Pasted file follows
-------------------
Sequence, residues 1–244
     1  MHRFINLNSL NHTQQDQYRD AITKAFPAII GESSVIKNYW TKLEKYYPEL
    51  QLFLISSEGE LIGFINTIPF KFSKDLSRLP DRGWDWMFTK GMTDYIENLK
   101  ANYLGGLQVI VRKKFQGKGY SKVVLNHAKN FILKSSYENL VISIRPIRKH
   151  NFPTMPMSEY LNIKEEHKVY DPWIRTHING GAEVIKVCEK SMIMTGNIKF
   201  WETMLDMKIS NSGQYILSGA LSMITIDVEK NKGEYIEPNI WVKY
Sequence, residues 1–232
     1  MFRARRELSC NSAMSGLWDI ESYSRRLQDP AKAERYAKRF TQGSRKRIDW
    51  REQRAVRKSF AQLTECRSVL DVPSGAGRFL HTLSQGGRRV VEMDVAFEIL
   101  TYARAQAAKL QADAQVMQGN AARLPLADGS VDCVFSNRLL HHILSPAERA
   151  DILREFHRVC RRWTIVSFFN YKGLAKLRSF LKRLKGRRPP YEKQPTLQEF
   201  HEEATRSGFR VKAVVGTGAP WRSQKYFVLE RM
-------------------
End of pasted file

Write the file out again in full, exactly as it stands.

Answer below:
Sequence, residues 1–244
     1  MHRFINLNSL NHTQQDQYRD AITKAFPAII GESSVIKNYW TKLEKYYPEL
    51  QLFLISSEGE LIGFINTIPF KFSKDLSRLP DRGWDWMFTK GMTDYIENLK
   101  ANYLGGLQVI VRKKFQGKGY SKVVLNHAKN FILKSSYENL VISIRPIRKH
   151  NFPTMPMSEY LNIKEEHKVY DPWIRTHING GAEVIKVCEK SMIMTGNIKF
   201  WETMLDMKIS NSGQYILSGA LSMITIDVEK NKGEYIEPNI WVKY
Sequence, residues 1–232
     1  MFRARRELSC NSAMSGLWDI ESYSRRLQDP AKAERYAKRF TQGSRKRIDW
    51  REQRAVRKSF AQLTECRSVL DVPSGAGRFL HTLSQGGRRV VEMDVAFEIL
   101  TYARAQAAKL QADAQVMQGN AARLPLADGS VDCVFSNRLL HHILSPAERA
   151  DILREFHRVC RRWTIVSFFN YKGLAKLRSF LKRLKGRRPP YEKQPTLQEF
   201  HEEATRSGFR VKAVVGTGAP WRSQKYFVLE RM